THE MAGAZINE FOR PROFESSIONALS

Q: Should you charge for estimates?

Lynn Bucknell

Man using laptop at home.When you are working with potential customers, you encounter a wide range of people. You might be working with professional property managers, or you could be dealing with someone who has never hired a contractor before.

Regardless of a prospective customer’s experience, though, there’s one thing I know: My target market does not include price shoppers. We love to paint, we’re experienced, and I know we do it right. But if someone is shopping based exclusively on price, I’ll almost always lose that job.

When I’m working with someone for the first time, I like to have a conversation about the job and their previous experience with a painter. I’ll ask why they aren’t going with the painter they hired the last time. Eventually, many will say they’re trying to find out how competitive their painter is. That’s a price shopper, and those aren’t the types of customers that are a good fit for my business.

And that’s a big part of why I charge for estimates. We charge just $20 for an estimate. We’re typically bidding on large, expensive jobs, and if a customer doesn’t think my estimate is worth $20, then I know we won’t be a good match. They’ll know it too—and they’ll opt out of the sales process, saving us all a lot of time and aggravation.

Someone once asked me why I picked $20. I said: Because there’s no $25 bill. Honestly, it’s kind of an arbitrary dollar amount because if you look at what we provide in an estimate, it’s worth far more than $20. And that’s what I tell our customers. I explain that it’s a two- to three-hour process, at the end of which we provide a detailed spreadsheet that breaks down the costs and shows the level of service we provide.

Of course, this works well for my business because we have a lot of leads coming in, so we have the luxury of being a little pickier about our jobs. Not everyone is in that position. If you don’t have a lot of leads, you might not feel you can charge for estimates. (You might also need to spend more time on your marketing efforts to increase those leads.)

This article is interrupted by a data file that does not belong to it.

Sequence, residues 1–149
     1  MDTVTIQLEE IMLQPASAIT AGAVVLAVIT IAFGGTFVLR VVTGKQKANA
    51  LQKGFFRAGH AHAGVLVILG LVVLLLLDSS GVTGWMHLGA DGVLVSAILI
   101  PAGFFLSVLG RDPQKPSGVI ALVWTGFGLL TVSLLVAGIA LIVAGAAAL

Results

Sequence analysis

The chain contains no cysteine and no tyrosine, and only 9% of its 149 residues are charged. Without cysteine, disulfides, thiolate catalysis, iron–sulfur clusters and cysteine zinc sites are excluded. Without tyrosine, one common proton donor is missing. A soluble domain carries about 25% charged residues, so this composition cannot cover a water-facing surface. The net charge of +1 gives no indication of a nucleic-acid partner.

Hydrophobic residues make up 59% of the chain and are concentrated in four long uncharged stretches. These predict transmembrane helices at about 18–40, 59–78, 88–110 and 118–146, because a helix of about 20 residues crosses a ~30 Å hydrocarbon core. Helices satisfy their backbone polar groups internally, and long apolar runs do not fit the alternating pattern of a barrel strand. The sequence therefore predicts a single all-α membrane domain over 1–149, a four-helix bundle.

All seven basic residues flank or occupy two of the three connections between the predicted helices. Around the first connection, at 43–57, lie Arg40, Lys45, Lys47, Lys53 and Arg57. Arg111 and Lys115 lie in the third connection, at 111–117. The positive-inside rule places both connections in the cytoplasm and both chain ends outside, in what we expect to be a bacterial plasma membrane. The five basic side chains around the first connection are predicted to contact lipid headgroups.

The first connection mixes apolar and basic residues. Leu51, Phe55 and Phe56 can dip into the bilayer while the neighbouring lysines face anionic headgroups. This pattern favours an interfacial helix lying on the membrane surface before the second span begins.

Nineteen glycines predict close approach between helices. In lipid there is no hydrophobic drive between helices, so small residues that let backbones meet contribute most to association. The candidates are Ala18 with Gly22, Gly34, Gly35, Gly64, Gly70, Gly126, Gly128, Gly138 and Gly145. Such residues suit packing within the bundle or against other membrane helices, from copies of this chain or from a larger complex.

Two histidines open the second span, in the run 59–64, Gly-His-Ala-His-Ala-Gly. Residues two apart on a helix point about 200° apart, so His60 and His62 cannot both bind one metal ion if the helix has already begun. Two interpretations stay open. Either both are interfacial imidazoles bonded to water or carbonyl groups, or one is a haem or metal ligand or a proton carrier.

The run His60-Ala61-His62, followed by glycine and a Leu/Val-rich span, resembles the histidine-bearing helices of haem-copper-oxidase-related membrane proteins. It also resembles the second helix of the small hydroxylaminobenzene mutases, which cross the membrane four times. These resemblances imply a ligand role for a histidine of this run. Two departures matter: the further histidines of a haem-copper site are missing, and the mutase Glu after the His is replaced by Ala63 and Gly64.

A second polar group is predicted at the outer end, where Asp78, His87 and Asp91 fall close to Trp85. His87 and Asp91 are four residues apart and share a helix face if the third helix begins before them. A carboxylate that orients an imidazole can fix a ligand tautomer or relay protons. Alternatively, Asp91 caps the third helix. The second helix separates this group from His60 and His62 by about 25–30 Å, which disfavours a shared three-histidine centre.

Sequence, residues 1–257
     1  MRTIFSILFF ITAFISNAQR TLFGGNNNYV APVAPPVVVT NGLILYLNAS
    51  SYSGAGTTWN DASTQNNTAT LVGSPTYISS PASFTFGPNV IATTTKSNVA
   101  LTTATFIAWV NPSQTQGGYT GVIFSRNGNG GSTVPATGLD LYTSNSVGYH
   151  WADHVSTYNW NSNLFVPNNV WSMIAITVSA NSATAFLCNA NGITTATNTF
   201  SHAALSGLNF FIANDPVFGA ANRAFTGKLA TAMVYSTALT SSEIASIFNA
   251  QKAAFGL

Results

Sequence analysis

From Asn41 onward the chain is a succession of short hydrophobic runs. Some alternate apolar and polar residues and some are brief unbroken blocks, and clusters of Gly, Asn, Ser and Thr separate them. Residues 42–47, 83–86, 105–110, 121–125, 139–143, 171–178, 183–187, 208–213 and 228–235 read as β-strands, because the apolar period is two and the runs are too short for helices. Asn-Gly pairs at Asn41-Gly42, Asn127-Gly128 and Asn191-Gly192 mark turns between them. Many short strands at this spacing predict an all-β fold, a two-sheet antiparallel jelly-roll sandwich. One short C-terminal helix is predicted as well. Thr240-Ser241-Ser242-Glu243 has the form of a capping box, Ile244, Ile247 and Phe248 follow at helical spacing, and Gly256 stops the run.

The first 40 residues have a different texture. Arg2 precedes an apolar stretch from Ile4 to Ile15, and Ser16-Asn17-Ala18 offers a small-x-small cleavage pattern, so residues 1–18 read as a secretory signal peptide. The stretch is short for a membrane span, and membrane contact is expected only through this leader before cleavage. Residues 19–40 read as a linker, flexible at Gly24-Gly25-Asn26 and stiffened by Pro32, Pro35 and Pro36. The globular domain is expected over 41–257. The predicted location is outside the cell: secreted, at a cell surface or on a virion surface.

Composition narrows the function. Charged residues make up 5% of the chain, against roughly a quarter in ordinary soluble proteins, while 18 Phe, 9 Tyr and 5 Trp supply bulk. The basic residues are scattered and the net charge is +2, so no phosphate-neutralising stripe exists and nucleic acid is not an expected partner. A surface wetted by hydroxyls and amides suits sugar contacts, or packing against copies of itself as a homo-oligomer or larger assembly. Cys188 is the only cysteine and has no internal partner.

That said, when business is slow—for many of us, that’s November to April—you might want to lay off charging for estimates. You need to be smart and make sure your painters are taken care of and your business thrives. I also waive the estimate fee for a repeat customer.

But if you do have a lot of leads and you’re getting frustrated because you’re spending a lot of time doing a lot of estimates and those customers are going elsewhere, then I suggest charging for estimates. It doesn’t have to be enough to totally compensate you for your time. I’ve been told I should charge $200 to $300 for an estimate, but at the end of the day, for me, $20 is the right amount to simply screen out the price shoppers and allow me to focus on genuine prospects.

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BicknellLynnBicknell established Bicknell Painting Inc. in 1981. His talented team focuses on residential custom repainting— providing customers with a consultative approach to high-quality, painless repainting and light-carpentry services. Prior to starting his business, Bicknell worked as a realtor for nearly 12 years and served in the U.S. military before that. He has a B.A. in history and political science from The University of Vermont. Visit BicknellPainting.com

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